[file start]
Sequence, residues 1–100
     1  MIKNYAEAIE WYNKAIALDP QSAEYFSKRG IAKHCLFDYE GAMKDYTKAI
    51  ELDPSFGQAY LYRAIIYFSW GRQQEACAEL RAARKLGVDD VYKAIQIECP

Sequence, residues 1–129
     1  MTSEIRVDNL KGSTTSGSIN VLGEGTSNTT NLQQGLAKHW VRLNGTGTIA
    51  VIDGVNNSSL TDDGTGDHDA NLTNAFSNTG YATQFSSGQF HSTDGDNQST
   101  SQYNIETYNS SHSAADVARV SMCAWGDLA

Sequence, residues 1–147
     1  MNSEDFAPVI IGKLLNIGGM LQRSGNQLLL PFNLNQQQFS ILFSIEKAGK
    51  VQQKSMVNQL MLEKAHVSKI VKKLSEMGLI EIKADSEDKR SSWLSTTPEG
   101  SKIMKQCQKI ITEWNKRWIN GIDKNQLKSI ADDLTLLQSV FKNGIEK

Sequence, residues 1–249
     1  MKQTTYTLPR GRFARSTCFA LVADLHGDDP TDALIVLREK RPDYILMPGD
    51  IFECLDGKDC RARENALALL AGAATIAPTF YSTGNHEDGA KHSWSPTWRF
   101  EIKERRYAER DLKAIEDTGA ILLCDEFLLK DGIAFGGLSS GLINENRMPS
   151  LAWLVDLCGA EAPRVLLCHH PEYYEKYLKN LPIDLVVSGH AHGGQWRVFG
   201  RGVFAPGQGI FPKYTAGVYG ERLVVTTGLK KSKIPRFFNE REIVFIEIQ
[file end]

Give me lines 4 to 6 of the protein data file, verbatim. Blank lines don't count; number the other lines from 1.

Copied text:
Sequence, residues 1–129
     1  MTSEIRVDNL KGSTTSGSIN VLGEGTSNTT NLQQGLAKHW VRLNGTGTIA
    51  VIDGVNNSSL TDDGTGDHDA NLTNAFSNTG YATQFSSGQF HSTDGDNQST